During the divorce process, mediation can be a great opportunity for the parties to work through various issues related to their divorce. It helps parties work toward amicable and mutually agreeable solutions when ending their marriage. However, there are some situations when divorce mediation is not recommended or required. 

If you are in the process of going through a divorce in Texas and wonder whether mediation makes sense in your case, we have answers for you. Use our guide below to learn more about divorce mediation in Texas and when it might not be recommended or required. Then speak with an attorney at The Stout Law Firm, PLLC to discuss your rights and options moving forward. 

First Things First: What Is Divorce Mediation? 

Before proceeding with mediation in your case, it is important to first have a basic understanding of what mediation is. Here are a few things about mediation to keep in mind.  

What Is Mediation in Divorce? 

Mediation is an out-of-court dispute resolution process in which a neutral third party, referred to as a mediator, helps divorcing couples address various issues. The overarching goal of mediation is to facilitate open communication and negotiation between the divorcing spouses in an effort to reach mutually acceptable terms for the divorce. Usually, mediation focuses on critical divorce issues such as property division, child custody and visitation, child support, and alimony (known as spousal maintenance in Texas).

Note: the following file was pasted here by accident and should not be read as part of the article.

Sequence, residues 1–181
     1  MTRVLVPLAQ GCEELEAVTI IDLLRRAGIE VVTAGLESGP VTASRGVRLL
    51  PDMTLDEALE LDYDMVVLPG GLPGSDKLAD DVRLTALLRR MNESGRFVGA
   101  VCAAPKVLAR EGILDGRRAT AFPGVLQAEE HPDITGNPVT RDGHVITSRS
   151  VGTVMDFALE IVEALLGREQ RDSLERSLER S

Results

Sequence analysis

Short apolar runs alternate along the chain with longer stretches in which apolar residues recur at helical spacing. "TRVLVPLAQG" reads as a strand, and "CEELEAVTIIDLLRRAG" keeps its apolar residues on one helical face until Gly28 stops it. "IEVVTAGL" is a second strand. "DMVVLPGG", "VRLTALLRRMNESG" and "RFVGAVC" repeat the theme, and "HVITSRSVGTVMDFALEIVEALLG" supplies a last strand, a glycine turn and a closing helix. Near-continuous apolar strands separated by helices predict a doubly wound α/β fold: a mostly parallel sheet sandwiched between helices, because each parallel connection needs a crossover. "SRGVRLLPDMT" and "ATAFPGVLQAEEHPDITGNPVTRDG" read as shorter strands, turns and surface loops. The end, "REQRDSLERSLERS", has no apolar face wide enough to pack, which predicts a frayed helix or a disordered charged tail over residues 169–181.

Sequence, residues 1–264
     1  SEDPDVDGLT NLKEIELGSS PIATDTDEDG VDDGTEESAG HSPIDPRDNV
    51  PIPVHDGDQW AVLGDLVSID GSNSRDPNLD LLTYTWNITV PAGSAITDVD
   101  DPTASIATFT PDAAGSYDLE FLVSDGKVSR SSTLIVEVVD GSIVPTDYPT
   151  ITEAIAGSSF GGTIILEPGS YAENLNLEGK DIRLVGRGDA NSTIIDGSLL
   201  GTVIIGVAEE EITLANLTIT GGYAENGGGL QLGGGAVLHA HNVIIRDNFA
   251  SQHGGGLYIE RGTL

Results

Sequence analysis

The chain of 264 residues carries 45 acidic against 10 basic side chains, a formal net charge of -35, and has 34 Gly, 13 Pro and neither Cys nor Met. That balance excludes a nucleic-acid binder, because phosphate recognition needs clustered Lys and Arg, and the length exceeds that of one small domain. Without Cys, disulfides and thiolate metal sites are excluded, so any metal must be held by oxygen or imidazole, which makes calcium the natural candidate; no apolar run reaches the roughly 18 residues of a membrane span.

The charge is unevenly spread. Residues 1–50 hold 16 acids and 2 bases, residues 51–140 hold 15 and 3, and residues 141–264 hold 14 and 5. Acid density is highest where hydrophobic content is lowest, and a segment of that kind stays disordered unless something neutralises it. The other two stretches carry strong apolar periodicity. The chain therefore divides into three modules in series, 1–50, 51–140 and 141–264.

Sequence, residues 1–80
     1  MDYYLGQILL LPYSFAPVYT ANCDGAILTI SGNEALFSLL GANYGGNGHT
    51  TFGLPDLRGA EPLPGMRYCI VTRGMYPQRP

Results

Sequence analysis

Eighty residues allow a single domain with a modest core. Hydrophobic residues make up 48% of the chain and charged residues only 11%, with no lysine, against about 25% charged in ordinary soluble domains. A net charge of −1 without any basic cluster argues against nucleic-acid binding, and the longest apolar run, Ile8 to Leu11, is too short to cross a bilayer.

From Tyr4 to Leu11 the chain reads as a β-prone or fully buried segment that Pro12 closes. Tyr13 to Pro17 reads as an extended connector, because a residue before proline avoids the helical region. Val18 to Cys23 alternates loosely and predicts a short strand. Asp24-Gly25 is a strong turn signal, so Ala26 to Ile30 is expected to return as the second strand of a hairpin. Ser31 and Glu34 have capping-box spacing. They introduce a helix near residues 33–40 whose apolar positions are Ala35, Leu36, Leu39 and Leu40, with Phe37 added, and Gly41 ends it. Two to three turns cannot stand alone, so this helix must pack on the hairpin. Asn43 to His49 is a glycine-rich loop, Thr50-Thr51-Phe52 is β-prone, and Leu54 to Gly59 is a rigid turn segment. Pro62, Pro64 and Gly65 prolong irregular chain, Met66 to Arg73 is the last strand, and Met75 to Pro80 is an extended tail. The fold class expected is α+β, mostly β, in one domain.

In Texas, the parties may elect to go to mediation voluntarily or, in some cases, the court may order the parties to attend mediation. While mediation is not required in all instances, many courts require parties to attend mediation prior to hearing or trial. Notably, however, mediation will never result in any binding decision or settlement unless both parties expressly agree to the terms in writing. 

Is Mediation a Good Idea in Divorce? 

In short, the answer to this question is that it depends on the circumstances. Mediation can be extremely productive in some cases. In others, it may not. Ultimately, the answer will depend on the facts and circumstances surrounding the case and the level of cooperation between the two divorcing parties. For example, if the spouses have intense animosity toward one another, the odds of mediation resolving their case are low and the risk of increasing tensions is high. Regardless, most courts require parties to mediate prior to a hearing or final trial. Your attorney can help you assess your situation and navigate your case through mediation. 

Benefits of Divorce Mediation

Let’s look at some pros and cons of divorce mediation. First, we’ll look at some advantages.

  • Cost-effective. Mediation is often less expensive than going to court and involves fewer legal proceedings, lower court costs, and fewer legal fees. 
  • Faster resolution. Mediation can lead to quicker and more efficient out-of-court resolutions. 
  • Reduced conflict. The process promotes open communication and cooperation between the parties, which can sometimes help to reduce conflict and tensions.